ATLANTA BOOGIE - Tommy Brown is a popular musician in Atlanta, Georgia, and one certain to have inspired a young Little Richard, who hailed from Macon, south of Atlanta, and who was not yet the "architect of rock and roll." While Richard later would become the architect, Tommy Brown before him was already setting foundations, building houses, rocking them, and tearing them down. All metaphors aside, the listener who is given to argument about the labels given to musical styles, and who would call this recording anything but pure rock and roll, is misguided.
THE HOUSE NEAR THE RAILROAD TRACK -Recorded in Atlanta, this is the flip side of Atlanta Boogie. The disc was released in 1949 on both the Regent and Acorn labels (subsidiary of Savoy). Atlanta's Tommy Brown, in the late 1940's and early 50's, was the feature vocalist for the Griffin Brothers. He recorded with them for the Dot label out of Gallatin, Tenn., then went solo on the Savoy label, and later recorded for King, United, Imperial, and with Groove as Little Tommy Brown. He was obviously a major influence in late-40's Atlanta, a city now known for the constellation of rising stars it had at the time, such as a young James Brown, Billy Wright, and Little Richard. While with the Griffin Brothers in 1951, Tommy Brown hit the local charts with "Weeping and Crying." He recorded with pianists Bill Doggett in 1955, and Paul Gayten, in 1957. Tommy Brown, now in his 70's, is still playing actively. After 55 years of playing R&B in America, he finally played his first gig in the United Kingdom on Nov.23, 2002 at the Rhythm Riot Festival in Rye, England.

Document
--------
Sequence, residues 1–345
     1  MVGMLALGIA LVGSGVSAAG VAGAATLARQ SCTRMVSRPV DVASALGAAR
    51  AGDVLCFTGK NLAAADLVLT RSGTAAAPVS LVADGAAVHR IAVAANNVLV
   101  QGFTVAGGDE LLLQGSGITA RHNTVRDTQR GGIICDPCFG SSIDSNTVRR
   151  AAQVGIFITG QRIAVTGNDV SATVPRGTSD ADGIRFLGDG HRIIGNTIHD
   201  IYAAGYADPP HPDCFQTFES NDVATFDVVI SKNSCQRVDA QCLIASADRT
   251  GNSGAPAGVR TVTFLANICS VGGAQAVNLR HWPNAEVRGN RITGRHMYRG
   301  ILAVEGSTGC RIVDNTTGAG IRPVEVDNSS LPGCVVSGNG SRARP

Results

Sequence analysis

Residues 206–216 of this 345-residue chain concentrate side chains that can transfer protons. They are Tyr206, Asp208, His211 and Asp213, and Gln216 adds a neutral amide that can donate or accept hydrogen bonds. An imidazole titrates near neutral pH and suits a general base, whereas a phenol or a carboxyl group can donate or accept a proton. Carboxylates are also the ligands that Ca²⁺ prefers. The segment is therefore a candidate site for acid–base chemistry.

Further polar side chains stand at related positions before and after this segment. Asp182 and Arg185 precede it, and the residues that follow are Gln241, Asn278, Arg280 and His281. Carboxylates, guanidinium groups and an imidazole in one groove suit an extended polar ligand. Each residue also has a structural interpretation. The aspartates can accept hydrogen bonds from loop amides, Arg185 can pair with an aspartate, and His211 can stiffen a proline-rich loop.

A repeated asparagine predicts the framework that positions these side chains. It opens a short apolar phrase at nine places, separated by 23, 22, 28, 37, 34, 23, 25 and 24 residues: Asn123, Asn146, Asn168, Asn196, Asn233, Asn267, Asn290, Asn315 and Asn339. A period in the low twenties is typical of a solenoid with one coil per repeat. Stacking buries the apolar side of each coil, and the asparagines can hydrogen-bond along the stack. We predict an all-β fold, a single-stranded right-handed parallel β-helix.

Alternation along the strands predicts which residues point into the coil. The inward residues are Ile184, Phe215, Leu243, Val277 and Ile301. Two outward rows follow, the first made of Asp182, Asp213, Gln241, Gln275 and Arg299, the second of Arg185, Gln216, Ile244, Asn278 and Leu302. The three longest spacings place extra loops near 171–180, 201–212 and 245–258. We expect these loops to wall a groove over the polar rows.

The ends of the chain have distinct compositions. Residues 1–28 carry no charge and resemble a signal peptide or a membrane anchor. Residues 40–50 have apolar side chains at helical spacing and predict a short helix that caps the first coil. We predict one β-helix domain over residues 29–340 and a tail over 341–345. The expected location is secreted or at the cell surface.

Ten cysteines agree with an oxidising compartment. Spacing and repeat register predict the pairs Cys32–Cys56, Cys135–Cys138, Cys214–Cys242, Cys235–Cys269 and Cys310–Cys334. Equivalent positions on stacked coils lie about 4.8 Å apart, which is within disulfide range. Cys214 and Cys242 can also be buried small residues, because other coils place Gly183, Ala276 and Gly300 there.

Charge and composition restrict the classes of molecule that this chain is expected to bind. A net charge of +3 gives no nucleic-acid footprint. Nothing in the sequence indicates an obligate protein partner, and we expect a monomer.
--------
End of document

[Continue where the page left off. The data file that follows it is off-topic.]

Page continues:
This email was send to us in December 2003 by, Larry Chastain, a personal friend of Tommy Brown's:
Blues shouter Tommy Brown hit the nightclub scene starting in the late
1940s. Tommy recorded for major R&B labels in the 1950s, including Savoy,
Dot, King, United, Groove, and Imperial. Mr. Brown charted several times
and received a BMI award for his #1 R&B hit "Weepin and Cryin". Tommy
moved from singing to comedy in the 1960s. In recent decades, Mr. Brown
had put performing on the back burner and provided personal care services
and advocacy for people with mental retardation, elderly people, and people
with AIDS. Tommy Brown has returned to singing the past couple of
years. While continuing his civic work, Brown has been playing around
Atlanta and has been featured at Blues Estafette in Holland, Rhythm Riot in
England, the Chicago Blues Festival, and similar events.
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